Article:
"Older than you can imagine," Tristan called back, never stopping his steady pace back to his car. The driver was ready with the door open as soon as he was close enough to be seen. "Home," he said, getting in. 

The drive to his apartment was a quiet one; he spent the journey planning his preparations for his departure in his head, ready to do so once he was home. Once again, the door was opened for him, the same with the door leading to the lobby. He took the elevator up to the penthouse, taking in the information he had gathered. It wasn't what he would have hoped, going back home had not been on his list of priorites. As long as no one recognized him, he would be fine. He doubted they would, whether they remembered his old names or not; they had been so long ago. 

The elevator opened into his living room and he stepped out, removing his glasses and jacket. The floor to ceiling glass windows were UV protected and the sun was no bother to him. Tristan came to a halt at the bookcase nearest one of the windows and pulled out a small mahogany box, covered in protective enchantments and engravings. He whispered an incantation softly, his hand over the lid, and lifted it up. Sitting in the middle of the couch, Tristan put the box on the coffee table and admired the three stones he currently had in his possession; one clear, one green, the final a deep red. One more, one bluer than the sky, and his collection would be complete. Then he could go after what he really wanted, the reason he needed the stones in the first place. 

"Soon." 

Tristan scanned over his home, barely taking in the riches, the culture, things he had that others would kill for. He was leaving it all behind anyway. He decided to keep the apartment, rather than sell it, thinking it may come in handy if he needed a place. He owned it anyway. He picked up a stone and stood up to admire the view from the window, though he preferred it at night, thinking the sight more wonderful. "I think I may actually miss it here," he said to himself. 

Tristan threw the stone in the air, catching it easily, and held it up to see which one he had chosen; the clear one. The first stone he had found. It had been the most difficult to get a hold of and even harder to get away; it had almost killed him. But it had been a means to an end and if his plan succeeded, it would be worth it, he knew. Leaning against the window, his mind went back to that night...

***

December, 1612. 
Paris, France.
 

He hid behind the cart, outside of the gate. Snow covered stones dug into his knees, ripping through the thin layer of cotton, but he ignored it. A figure came up from behind and crouched beside him. "You can go around back, Simon. The wall is not that high and the path is clear; everyone is in the ballroom at the party and the guards are here at the front of the house."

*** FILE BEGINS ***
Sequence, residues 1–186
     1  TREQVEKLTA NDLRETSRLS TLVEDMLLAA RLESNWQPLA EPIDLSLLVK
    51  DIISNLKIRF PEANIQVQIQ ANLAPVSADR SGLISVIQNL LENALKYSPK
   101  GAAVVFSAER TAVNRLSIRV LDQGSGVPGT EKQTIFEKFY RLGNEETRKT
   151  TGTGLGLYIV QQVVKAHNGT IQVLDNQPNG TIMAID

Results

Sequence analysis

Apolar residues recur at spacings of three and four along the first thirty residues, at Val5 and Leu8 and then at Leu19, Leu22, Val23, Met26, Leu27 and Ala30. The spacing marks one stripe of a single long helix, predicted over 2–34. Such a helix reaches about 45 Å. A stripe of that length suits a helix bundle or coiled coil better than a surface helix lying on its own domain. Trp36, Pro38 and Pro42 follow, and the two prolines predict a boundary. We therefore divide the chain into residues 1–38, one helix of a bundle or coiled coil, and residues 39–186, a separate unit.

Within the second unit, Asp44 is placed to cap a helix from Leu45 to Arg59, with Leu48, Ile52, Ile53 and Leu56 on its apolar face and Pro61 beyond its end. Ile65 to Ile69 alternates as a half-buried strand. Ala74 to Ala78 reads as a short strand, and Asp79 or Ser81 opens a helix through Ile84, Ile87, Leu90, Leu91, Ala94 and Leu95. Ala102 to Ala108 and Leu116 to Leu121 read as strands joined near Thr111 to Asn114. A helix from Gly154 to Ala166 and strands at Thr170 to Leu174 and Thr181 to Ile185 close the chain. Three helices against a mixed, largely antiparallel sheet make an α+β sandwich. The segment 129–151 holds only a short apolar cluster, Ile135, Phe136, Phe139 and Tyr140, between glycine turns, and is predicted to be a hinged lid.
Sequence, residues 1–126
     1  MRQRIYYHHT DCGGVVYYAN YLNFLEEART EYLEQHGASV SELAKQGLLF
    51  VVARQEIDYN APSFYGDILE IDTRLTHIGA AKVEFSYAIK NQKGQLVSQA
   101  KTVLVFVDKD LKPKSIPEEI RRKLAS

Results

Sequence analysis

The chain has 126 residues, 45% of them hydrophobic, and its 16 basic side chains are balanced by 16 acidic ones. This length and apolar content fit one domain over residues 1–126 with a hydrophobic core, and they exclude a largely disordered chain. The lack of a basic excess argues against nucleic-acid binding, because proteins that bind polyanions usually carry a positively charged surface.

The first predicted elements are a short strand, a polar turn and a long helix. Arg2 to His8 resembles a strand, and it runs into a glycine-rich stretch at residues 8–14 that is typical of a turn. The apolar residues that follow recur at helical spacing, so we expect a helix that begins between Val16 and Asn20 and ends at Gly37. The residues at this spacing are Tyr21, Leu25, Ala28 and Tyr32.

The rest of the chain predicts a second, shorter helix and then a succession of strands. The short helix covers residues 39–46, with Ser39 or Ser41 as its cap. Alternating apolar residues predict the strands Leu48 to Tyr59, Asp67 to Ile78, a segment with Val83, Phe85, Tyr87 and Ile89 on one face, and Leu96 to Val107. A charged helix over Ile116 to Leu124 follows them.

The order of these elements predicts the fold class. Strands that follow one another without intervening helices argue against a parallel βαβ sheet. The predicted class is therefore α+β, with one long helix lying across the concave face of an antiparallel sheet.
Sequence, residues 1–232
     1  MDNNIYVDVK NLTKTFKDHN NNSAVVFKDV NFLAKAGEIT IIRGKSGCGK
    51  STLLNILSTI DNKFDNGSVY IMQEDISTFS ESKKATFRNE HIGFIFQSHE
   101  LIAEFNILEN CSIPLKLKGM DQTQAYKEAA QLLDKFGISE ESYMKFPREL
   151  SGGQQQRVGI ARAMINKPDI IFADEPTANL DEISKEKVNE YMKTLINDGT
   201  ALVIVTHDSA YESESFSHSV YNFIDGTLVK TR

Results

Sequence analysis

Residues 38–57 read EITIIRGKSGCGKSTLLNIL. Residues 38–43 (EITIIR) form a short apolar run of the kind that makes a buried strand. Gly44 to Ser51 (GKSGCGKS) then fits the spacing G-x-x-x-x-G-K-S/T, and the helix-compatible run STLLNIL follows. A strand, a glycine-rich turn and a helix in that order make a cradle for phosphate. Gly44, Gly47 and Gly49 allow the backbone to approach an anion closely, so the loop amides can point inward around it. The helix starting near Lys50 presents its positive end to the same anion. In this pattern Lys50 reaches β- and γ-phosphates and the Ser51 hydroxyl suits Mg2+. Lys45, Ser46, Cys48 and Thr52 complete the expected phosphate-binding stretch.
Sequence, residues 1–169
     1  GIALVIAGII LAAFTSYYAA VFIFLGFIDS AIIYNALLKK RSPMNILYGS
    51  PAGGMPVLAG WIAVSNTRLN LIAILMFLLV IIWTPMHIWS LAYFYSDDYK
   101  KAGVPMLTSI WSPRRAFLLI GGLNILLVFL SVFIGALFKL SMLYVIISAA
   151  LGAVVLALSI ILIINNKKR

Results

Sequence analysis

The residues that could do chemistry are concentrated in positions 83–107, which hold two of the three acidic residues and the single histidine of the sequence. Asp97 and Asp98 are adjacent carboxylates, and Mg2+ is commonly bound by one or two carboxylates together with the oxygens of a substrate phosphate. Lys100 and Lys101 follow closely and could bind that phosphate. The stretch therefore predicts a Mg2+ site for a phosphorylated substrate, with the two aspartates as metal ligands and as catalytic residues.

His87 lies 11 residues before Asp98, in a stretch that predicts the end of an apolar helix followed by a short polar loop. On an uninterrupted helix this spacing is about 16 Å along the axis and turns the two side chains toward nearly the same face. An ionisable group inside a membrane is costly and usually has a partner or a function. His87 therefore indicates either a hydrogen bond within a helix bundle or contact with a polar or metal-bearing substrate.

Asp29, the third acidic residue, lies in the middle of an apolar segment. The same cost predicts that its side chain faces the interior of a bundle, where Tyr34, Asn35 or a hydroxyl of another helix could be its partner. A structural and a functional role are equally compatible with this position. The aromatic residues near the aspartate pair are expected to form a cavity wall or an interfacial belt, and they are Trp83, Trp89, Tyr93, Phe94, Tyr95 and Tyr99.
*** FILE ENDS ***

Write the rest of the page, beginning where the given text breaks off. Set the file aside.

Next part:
Simon gave a curt nod and allowed the boy at his side, only a year or so older than himself, to show him the way. They stopped at the wall. He was right, it was low enough for him to climb over with little effort and no noise. "I will wait for you in the trees, just pass the front gate. Good luck, Simon."

"Luck?" He asked, smirking. "Will I really need it, Henry? Do you not think I will get in?"

Henry scoffed halfheartedly. "I believe you will get in just fine, it's getting out I'm worried about. We don't know what magic they have protecting the house. You, my friend, are going on blind luck." 

Simon took a step back. "Everyone must at some point." He saluted the boy, ran to the wall and jumped, just managing to reach his hand over the top. He pulled himself up the rest of the way easily and dropped down to the ground without a sound. He made his way across the garden silently, not wanting to attract attention, and pressed his back to the wall, concealing himself from possible onlookers. 

When he saw that the room was clear, Simon pressed his hand to the door carefully and whispered the incantation that would open it. He prayed that whatever wards the family normally had were down for their guests and held his breath as he took one slow step inside. 

Nothing happened. 

Simon let go of the breath and walked in, closing the door behind him; if someone were to walk past, he did not want them to suspect anything was different. The pathway to the staircase was empty, he could hear music coming from down the long and narrow hallway. His friend was right once more; everyone was enjoying the party, paying no attention to anything beyond the ballroom doors. 

Simon took the stairs two at a time, not wanting to waste a second; any time that could be shed from getting what he wanted would be time added to getting out. He followed the path, remembering the route Henry had told him. He only wished Henry had been strong-willed enough to get it when he had the chance; Simon would have been long gone by now.